India is desperately in need of Big Ideas, especially in the areas of healthcare, education and energy.
Prime Minister Modi should focus on ideating in key areas, as that will benefit the country significantly, besides proving legacy-defining for him personally.
“Structure follows strategy,” proposed the legendary business historian and professor, Alfred Chandler. He argued that the corporate structure of any organisation was the outcome of strategy and not vice versa.
A strategy involves an investment of resources over a long period of time, but the underlying layer of any strategic thought is a Big Idea. The relative ‘bigness’ of an idea can be argued, but, by and large, it infers a larger envelope which defines the structure and overall paradigm of the organisation.
An organisation also needs smaller ideas, which essentially form the tactical and operational nature for execution.
Prime Minister Narendra Modi’s regime so far has involved a set of incremental tactical ideas which, no doubt, have been great, but have not been big enough to define the kind of structural change that India desperately needs. Whether it is the repealing of old laws or bringing about an operational efficiency in ministries, the changes have been important but not ‘legacy-defining’.
With a mandate supported by 282+ seats in Parliament and a naturally decisive leadership style, it would be a wasted opportunity if Modi did not seize the day and define the big ideas as soon as possible.
How Big Ideas have defined American Presidential terms
Abraham Lincoln once famously said, “Every man is said to have his peculiar ambition. Whether it be true or not, I can say for one that I have no other so great as that of being truly esteemed of my fellow men, by rendering myself worthy of their esteem. How far I shall succeed in gratifying this ambition, is yet to be developed.”
American Presidents have often been judged by the big ideas they tried to implement during their terms. These ideas could be controversial and heavily contested, but the bigness of the ideas was essential.
For instance, as Obama completes his last term, he will be known, by and large, for bringing in three major ideas to the table.
The first is ‘Obamacare’, or the ‘The Affordable Care Act’, which essentially enabled “more Americans access to affordable, quality health insurance and to reduce the growth in US health care spending”. The significance of this measure is reflected by the fact that the entire set of Republican Primary candidates and the current nominee, Donald Trump, have vowed to repeal it upon taking office. Even the economics of this act has been widely debated, like the recent move of Aetna, one of the largest insurance providers, questioning its continuance in the programme. But the big idea remains, which is to bring more people under the health insurance net.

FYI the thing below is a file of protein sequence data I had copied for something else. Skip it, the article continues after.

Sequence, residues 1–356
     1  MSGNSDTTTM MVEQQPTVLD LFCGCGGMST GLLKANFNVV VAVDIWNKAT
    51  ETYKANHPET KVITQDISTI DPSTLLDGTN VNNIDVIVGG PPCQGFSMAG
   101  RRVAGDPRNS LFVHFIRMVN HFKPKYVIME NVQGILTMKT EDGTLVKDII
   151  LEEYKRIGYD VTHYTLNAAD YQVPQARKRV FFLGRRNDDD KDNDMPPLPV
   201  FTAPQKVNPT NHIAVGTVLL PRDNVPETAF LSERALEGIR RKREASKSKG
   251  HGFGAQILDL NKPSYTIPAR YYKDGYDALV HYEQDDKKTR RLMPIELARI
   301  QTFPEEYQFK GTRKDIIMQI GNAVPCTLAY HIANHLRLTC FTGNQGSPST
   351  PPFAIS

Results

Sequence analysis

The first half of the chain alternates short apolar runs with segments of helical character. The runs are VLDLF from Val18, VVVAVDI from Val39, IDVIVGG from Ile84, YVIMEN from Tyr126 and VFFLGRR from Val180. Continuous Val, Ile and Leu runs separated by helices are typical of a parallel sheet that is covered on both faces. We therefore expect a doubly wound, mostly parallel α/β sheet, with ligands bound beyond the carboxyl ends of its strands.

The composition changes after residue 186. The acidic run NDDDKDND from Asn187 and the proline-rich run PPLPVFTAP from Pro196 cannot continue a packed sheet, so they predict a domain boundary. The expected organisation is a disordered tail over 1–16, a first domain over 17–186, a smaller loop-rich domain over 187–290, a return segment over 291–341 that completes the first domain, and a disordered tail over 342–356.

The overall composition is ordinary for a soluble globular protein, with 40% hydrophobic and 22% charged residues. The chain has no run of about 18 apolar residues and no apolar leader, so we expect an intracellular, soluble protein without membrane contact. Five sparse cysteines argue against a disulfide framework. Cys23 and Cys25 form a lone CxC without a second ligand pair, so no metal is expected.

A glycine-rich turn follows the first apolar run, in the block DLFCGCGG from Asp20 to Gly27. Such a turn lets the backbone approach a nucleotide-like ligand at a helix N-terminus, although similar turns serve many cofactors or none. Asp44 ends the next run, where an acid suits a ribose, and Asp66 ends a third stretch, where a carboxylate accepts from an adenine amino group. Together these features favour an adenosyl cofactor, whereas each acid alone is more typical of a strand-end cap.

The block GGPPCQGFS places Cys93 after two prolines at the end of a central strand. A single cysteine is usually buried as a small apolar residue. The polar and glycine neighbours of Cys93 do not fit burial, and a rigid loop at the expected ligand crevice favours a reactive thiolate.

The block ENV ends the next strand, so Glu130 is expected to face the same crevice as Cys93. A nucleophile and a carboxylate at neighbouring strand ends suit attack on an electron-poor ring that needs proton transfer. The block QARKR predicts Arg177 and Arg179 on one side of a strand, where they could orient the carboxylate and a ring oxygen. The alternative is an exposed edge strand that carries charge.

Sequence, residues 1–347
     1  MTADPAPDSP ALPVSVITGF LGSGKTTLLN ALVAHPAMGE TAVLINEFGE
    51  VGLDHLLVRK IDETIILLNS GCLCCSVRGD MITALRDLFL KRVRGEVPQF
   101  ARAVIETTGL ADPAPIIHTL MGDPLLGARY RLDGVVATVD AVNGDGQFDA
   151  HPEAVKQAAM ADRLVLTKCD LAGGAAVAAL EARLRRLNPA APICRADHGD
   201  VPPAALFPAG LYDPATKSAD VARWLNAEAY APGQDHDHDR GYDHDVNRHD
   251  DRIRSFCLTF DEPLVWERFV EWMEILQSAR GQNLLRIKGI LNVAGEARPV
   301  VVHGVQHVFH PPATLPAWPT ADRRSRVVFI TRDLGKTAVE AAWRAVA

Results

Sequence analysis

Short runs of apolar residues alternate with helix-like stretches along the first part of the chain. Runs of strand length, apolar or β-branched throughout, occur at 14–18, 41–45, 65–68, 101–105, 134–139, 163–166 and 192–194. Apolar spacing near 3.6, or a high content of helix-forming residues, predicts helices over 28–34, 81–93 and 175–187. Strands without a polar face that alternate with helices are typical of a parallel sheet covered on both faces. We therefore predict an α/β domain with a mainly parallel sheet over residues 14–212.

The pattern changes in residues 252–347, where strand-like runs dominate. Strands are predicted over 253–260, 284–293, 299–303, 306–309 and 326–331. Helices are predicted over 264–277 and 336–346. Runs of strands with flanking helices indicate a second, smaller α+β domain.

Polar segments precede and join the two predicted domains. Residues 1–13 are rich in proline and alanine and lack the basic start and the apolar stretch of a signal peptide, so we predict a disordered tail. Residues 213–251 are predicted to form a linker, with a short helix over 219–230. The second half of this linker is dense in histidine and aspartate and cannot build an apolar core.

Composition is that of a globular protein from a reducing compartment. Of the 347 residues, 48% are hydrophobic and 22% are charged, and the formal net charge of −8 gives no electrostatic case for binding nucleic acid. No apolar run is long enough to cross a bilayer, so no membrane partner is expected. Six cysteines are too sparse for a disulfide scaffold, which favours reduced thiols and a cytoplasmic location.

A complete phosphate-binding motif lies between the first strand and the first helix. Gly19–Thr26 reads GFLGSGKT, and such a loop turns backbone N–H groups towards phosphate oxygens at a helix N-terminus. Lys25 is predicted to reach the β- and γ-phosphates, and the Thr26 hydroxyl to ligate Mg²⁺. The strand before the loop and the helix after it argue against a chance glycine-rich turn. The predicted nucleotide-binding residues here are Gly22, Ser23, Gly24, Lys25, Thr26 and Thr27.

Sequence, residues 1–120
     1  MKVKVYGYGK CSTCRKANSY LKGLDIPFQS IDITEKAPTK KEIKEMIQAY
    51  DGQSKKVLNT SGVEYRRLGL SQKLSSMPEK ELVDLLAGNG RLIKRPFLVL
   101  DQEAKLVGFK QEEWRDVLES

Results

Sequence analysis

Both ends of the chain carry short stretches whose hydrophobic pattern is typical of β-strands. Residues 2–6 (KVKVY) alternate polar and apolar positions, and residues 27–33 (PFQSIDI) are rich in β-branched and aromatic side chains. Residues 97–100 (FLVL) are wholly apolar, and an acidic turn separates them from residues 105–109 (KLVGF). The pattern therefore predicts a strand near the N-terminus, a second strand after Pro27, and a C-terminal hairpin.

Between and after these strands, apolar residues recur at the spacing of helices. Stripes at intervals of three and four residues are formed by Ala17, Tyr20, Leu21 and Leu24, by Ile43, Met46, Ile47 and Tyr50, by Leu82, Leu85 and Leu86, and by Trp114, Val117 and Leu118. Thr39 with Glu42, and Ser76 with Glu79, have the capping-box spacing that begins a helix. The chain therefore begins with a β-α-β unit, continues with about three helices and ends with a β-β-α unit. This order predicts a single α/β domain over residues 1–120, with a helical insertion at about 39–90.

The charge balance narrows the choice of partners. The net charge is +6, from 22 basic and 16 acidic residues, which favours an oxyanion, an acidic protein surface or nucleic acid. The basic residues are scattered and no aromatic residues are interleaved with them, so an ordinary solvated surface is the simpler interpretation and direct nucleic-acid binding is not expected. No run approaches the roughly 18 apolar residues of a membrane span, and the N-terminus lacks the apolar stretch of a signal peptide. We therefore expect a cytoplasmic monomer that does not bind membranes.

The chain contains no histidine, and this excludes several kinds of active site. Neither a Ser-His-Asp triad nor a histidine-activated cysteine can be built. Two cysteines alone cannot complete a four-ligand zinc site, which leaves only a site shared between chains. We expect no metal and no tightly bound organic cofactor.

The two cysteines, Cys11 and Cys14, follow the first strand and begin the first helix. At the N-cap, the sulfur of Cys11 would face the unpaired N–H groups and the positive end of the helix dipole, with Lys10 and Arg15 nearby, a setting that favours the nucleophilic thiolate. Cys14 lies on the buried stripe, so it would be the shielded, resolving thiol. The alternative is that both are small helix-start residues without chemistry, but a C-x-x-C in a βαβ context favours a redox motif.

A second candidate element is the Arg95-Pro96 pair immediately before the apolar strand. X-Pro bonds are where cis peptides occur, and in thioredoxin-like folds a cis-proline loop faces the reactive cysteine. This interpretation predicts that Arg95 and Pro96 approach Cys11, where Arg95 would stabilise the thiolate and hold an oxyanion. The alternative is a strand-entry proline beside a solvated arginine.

Obama’s second big idea was “non-interventionist foreign policy”, as against the traditional “international policeman” idea that the United States followed over the years. This is combined with a reconciliatory approach with historical enemies. Striking the Iran nuclear deal, warming up to Cuba and, most importantly, the delayed intervention in Syria and non-intervention in the Maliki regime of Iraq are the prime outcomes of this big idea.
The third is energy. The US is now a big energy producer, with alternate energy revolution also underway.
Again, each of these ideas has been dissected threadbare, and Trumpism is, in fact, regimented on a ‘Not Obama’ philosophy. How much Trump can undo is a matter of question, but the success of any Presidency is proportional to the bigness of the ideas that the leader incubates and defines a structure around.
The scope for Modi to implement big ideas
Prime Minister Modi has to unlearn the tactical form of governance and leave the operational decisions to his team. At the moment, India is ready to wait to see the fruits of big ideas, but cannot wait for an indefinite delay in coming up with ideas itself.
Education, healthcare and energy are the three main areas where India needs big ideas from Modi. Brookings Institution states: “India is among the top five nations for out-of-school children of primary school age, with 1.4 million 6-to-11-year-olds not attending school. In many ways schools are not equipped to handle the full population – there is a teacher shortage of 6,89,000 teachers in primary schools, only 53 percent of schools have functional girls’ toilets and 74 percent have access to drinking water.”
The situation is equally worse in healthcare. According to a Deloitte Report “India’s ratio of 0.7 doctors and 1.5 nurses per 1,000 people is dramatically lower than the WHO average of 2.5 doctors and nurses per 1,000 people.”
Minister of State Piyush Goyal is doing a great job in the energy sector, but consider this, as per MIT: “70 percent of India’s electricity today comes from coal-fired plants.” In spite of Modi-Goyal’s aggressive push to low-carbon emitting and renewable sources, “bloody coal will still be at 50 percent” in India by 2040. Not only with respect to the cost factor but India will also become more isolated in the green regime in the years to come vis-a-vis its emission. What is the equivalent of the Shale Gas idea in India?
Modi will definitely have to deal with a hostile press and a united set of political opponents to any big idea he might propose, but time will be to his advantage if the ideas are truly game changers.
Appearing on Fareed Zakaria GPS on CNN, journalist, author and speaker Malcolm Gladwell said that the chances of electing a second black president in the US are very low. What he was saying was that since the US had experimented with a ‘different and black leader’, it was about time before another black leader would be elected.
By that logic, India has three more years.